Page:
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Dem Senate candidates break with Obama, call for Shinseki's resignation

nunn_grimessplit.jpg

Shown here are Kentucky Senate candidate Alison Lundergan Grimes, left, and Georgia Senate candidate Michelle Nunn. (AP)

Two high-profile Democratic Senate candidates have split with the Obama administration and called for Veterans Affairs Secretary Eric Shinseki's resignation, just days after President Obama stood by his embattled Cabinet member. 

Democrat Michelle Nunn, who's seeking Georgia's open Senate seat, said Friday that she hopes Shinseki will "step aside," citing the need for "new leadership." 

A day earlier, Democratic Senate candidate Alison Lundergan Grimes in Kentucky also called for new leadership as the VA investigates 26 facilities nationwide over allegations of treatment delays and deaths. 

Both decisions undoubtedly are colored by politics. Grimes and Nunn have sought to distance themselves from Obama as they court moderate voters -- both Democrats recently have declined to say whether they would have voted for ObamaCare. 

But the statements put added pressure on the administration to show they're fixing the problems at the VA, or consider making changes in leadership. The administration a week ago ousted the VA's top health official, Robert Petzel. But the so-called "resignation" swiftly was called into question by lawmakers who noted Petzel was already slated to retire this year.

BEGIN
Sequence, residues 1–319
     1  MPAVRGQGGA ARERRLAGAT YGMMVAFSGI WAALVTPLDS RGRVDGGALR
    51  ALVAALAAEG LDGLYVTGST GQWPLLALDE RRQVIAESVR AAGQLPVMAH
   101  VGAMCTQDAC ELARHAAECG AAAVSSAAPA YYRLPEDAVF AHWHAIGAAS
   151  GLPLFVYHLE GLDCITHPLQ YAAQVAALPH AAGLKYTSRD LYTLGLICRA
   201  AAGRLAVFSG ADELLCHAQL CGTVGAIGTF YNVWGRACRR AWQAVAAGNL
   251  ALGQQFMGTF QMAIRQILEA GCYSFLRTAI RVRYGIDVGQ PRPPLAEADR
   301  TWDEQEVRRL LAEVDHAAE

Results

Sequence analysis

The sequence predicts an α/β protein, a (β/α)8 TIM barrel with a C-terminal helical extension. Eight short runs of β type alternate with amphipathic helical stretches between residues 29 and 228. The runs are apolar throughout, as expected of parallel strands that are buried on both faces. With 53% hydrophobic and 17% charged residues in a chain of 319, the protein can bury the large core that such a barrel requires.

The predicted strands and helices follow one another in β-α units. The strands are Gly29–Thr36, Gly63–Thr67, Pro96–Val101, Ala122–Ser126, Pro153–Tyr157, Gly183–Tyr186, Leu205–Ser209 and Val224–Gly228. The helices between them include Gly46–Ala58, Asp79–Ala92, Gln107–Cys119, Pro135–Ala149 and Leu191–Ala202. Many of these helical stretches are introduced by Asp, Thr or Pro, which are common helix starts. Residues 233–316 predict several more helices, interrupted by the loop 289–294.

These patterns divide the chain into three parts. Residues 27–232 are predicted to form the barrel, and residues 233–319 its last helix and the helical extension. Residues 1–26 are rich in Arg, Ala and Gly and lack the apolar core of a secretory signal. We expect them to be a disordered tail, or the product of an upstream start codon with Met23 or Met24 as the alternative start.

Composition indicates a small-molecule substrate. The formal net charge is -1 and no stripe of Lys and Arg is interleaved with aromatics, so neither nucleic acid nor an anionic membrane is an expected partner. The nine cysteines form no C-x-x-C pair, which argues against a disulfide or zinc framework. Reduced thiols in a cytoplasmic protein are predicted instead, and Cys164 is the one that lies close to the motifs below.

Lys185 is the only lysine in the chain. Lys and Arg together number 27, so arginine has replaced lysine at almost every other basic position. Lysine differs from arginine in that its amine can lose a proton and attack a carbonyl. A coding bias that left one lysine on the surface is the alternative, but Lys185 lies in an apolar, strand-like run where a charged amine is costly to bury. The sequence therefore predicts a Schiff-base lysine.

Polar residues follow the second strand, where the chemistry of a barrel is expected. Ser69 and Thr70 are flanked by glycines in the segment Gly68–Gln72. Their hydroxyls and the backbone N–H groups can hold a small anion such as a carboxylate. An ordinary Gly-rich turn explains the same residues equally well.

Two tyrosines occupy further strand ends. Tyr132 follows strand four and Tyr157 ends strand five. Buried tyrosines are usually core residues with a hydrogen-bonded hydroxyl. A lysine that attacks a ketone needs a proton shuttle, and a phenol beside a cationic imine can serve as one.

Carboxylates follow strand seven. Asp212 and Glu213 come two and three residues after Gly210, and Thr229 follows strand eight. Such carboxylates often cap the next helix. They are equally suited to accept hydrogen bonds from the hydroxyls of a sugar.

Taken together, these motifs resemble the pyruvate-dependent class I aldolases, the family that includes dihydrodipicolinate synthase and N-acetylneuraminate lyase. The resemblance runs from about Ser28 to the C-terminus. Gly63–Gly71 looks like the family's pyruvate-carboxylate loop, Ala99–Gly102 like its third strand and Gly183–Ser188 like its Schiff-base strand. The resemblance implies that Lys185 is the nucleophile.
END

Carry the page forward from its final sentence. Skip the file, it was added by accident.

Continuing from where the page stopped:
Obama addressed the scandal in detail for the first time earlier this week, vowing to investigate and tackle the problems but voicing support for Shinseki's leadership. 

"Rick Shinseki has been a great soldier," Obama said Wednesday. "He himself is a disabled veteran. And nobody cares more about our veterans than Rick Shinseki." 

Obama pledged to ensure "accountability" system-wide once he has the results of internal reviews. 

The VA already is becoming a political football. Grimes and Nunn -- daughter of former Sen. Sam Nunn -- are competing in the two Senate races that Democrats are fighting hardest to win. 

Grimes, Kentucky's secretary of state, is running against Senate Republican Leader Mitch McConnell, and polls show them locked in a tight contest. 

The Republican nominee for the open Georgia Senate seat will be decided during a July 22 runoff between businessman David Perdue and Rep. Jack Kingston. 

In her statement on Thursday, Grimes claimed the current VA leadership is not in a position to restore trust with veterans. 

"We owe a solemn obligation to our veterans, and our government defaulted on that contract," she said. "I don't see how that breach of trust with our veterans can be repaired if the current leadership stays in place." 

The Associated Press contributed to this report.